About two million Kerala natives, predominantly Muslim working-age men, currently work in the region, mainly in the UAE and Saudi Arabia.
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“The financial contribution of migration to Kerala is unimaginable,” said Irudaya Rajan, author and expert in Kerala’s Gulf migration.
The men’s wives, locally known as “Gulf wives”, number around one million.
Left behind, they struggle with loneliness. Their husbands might visit once every three years.
According to Rajan, 80 percent of women do not travel to visit their partners abroad.
On both sides of the Arabian Sea, Kerala’s bitter-sweet connection with the Gulf led to social prestige.
A few decades ago, working for a five-star hotel in Dubai would impress anyone in Kerala, regardless of the job, said Rajan.
Until recently, Gulf expatriates, who send their relatively high salaries back home, were considered prime marriage material.
According to one estimate, $12.15bn of remittances were channelled to Kerala from March 2017 to March 2018.
In the district of Malappuram, a third of households receive remittances, mainly used to cover daily expenses.
However, following the 2014 slump in crude oil prices, fewer Keralites have migrated.
They have been discouraged by the economic situation and, in the case of Saudi Arabia, restrictions on foreigners from working in certain sectors as part of a nationalisation programme. A crackdown on undocumented migrants has also had an effect.
According to the Kerala Migration Survey 2018, which was led by the Kerala-based Centre for Development Studies – a social science research institution, the number of people returning is rising.
More than 1.1 million foreigners left Saudi Arabia between early 2017 and the third quarter of 2018.
In Kerala, the return of 300,000 expatriates from the Gulf between 2013 and 2018 disrupted a society which depends on remittances.
“The Gulf dream is fading away,” said Rajan.
Shibinu Shahul, an economics professor at Malappuram’s PSMO College who researches Kerala’s Muslim migrant communities, said there are growing concerns over migrant workers who are becoming less coveted in the marriage market.
“Following recent Gulf developments, parents prioritise suitors with a stable office job in Kerala,” he told Al Jazeera.
For 19-year-old Shibila Fayiza, an economics student, a “modern husband” should be a “best friend” who is physically and emotionally available.
“In the framework of arranged marriages, no attention was given to the girl’s feelings,” she said, “but things are changing as we have become more educated. I am not married, yet, I’d refuse any migrant man asking for my hand.”
With more education than their parents, most young people now have different expectations from relationships.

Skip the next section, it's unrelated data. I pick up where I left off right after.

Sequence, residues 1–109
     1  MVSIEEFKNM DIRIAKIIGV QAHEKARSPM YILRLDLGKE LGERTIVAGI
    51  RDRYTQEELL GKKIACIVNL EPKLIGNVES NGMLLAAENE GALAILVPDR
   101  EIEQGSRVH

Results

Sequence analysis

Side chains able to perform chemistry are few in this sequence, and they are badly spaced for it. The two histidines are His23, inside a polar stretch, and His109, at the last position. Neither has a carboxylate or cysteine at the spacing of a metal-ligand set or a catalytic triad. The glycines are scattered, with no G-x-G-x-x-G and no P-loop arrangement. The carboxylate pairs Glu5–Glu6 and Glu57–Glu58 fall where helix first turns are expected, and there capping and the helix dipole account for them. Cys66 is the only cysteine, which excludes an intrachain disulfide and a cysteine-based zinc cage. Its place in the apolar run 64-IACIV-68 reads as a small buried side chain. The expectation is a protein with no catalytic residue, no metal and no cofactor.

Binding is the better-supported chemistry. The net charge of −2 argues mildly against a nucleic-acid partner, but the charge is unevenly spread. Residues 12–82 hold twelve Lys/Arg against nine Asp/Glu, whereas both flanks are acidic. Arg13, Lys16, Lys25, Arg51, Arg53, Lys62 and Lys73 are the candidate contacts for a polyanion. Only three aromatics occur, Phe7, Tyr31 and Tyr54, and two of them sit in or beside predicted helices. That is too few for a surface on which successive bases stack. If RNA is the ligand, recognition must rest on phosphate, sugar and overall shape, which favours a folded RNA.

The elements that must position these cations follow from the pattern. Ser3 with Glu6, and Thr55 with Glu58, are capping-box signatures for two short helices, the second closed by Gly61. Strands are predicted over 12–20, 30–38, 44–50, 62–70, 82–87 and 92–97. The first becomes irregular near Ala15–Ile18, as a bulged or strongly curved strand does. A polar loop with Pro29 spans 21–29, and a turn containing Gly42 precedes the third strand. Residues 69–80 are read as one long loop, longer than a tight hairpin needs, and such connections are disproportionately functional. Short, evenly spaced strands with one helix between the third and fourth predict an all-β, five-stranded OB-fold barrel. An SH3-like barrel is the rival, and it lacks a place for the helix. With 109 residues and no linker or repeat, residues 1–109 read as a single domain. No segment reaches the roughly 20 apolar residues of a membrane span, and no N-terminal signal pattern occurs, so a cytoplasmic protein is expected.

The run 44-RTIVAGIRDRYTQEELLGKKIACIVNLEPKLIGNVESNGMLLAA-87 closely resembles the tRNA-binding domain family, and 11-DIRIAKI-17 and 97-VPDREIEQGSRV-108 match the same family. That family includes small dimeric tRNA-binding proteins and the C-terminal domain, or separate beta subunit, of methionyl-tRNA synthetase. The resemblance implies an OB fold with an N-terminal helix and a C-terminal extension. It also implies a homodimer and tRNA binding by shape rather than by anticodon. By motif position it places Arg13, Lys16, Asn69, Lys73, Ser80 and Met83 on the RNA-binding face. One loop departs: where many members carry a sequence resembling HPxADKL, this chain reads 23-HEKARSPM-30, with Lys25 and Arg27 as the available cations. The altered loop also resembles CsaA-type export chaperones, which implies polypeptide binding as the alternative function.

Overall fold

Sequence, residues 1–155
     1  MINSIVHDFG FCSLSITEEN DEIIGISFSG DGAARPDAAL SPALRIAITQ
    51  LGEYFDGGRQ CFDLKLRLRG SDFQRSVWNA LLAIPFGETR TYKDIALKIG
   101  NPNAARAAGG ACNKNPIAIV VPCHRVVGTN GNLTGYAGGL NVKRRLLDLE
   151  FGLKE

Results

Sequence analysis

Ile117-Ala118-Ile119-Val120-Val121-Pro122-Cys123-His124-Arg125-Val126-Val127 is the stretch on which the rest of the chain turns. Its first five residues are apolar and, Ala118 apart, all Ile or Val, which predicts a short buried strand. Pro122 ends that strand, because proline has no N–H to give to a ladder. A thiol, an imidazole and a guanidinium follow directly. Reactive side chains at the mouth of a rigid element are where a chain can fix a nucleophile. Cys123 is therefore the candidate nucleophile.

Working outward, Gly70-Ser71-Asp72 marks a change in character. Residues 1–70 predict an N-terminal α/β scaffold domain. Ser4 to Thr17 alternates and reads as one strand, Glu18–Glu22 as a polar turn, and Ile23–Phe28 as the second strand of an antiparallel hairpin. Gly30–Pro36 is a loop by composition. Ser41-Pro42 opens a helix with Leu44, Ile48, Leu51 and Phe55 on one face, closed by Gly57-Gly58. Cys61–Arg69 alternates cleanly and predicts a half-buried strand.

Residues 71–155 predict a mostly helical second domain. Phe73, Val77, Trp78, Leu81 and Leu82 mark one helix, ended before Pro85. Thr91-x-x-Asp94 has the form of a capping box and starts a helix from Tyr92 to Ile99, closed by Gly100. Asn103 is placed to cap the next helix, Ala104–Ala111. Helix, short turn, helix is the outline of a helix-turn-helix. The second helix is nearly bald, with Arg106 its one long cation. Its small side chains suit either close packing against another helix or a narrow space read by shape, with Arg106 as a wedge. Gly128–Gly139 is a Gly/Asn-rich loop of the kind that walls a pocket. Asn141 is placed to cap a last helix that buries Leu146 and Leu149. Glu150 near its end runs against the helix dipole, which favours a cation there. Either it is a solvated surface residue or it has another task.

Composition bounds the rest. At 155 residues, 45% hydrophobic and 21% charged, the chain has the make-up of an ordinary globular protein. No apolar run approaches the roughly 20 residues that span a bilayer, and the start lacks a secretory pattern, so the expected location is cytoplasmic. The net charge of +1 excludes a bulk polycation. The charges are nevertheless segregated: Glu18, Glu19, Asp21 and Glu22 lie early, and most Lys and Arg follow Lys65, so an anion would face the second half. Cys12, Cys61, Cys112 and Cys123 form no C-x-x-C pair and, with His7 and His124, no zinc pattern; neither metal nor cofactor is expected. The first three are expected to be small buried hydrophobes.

At the doorstep of her family house, 24-year-old master’s graduate Shahanas Ibrahim is on the phone with her husband in Qatar.
She is used to long-distance relationships – her father worked in Saudi Arabia for 28 years.
After hanging up the call, she said: “In my mother’s time, a migrant would communicate with his wife by letters. It is inconceivable for us.”
She speaks to her husband at least once a day, joking, sharing voice notes, photos and videos. But they still miss one another deeply.
Last year, after working for 18 months in succession in Doha, the Qatari capital, he visited Kerala for a two-month holiday.
“I cried a lot, I didn’t want him to go,” said Shahanas, fighting back tears as she recalled driving her husband back to the airport.
She hopes to soon become a mother, but only if the couple are able to live together in Qatar, so that the child doesn’t have an absent father.
Waheeda’s husband returned to Kerala in 2013 after 20 years’ working in Abu Dhabi, the Emirati capital.
During these years, life would improve when he came back home and become difficult again when he returned to work.
“It used to hurt me a lot to see our daughter afraid of her own dad,” she said, referring to their child’s cautiousness in welcoming him back.
In addition to marital problems, there are grave concerns about the security of Gulf migrants.
Human rights groups have documented widespread abuse of workers – most of whom hail from South Asia – in the Gulf; some 600,000 migrantssuffer forced labour in the region.
According to Rafeek Ravuther, a TV producer who works on Pravasi Lokam, a show that investigates cases of missing Indian migrants, more than 1,700 from Kerala have been declared missing since 2000. New cases are reported every week.
In August 2013, Pokkoya Shamnad left Kerala for Kuwait to work as a driver for a Saudi family for $280 a month, leaving behind his wife Bushra and their two children in Kadinamkulam village.
He had taken a $1,840 loan to cover agent fees.
“After a month, I requested my salary to support my wife,” he told Al Jazeera. “My employer beat me, forcefully threw me in the trunk of a car, drove to Saudi Arabia, abandoned me among 300 camels and ordered me to take care of them. I had to eat with them to survive,” Shamnad told Al Jazeera.
His wife panicked and contacted Pravasi Lokam, the TV show, asking for help in informing the Indian embassy.
In January 2014, Shamnad returned to Kerala.
“I’ve never received any salary for my traumatic time in the Gulf,” he said.
He now works part-time as a fisherman earning $60 a month, barely enough to survive, but his wife stresses that family life should be prioritised.
Ending Gulf migration, he said, “will badly affect our economy”.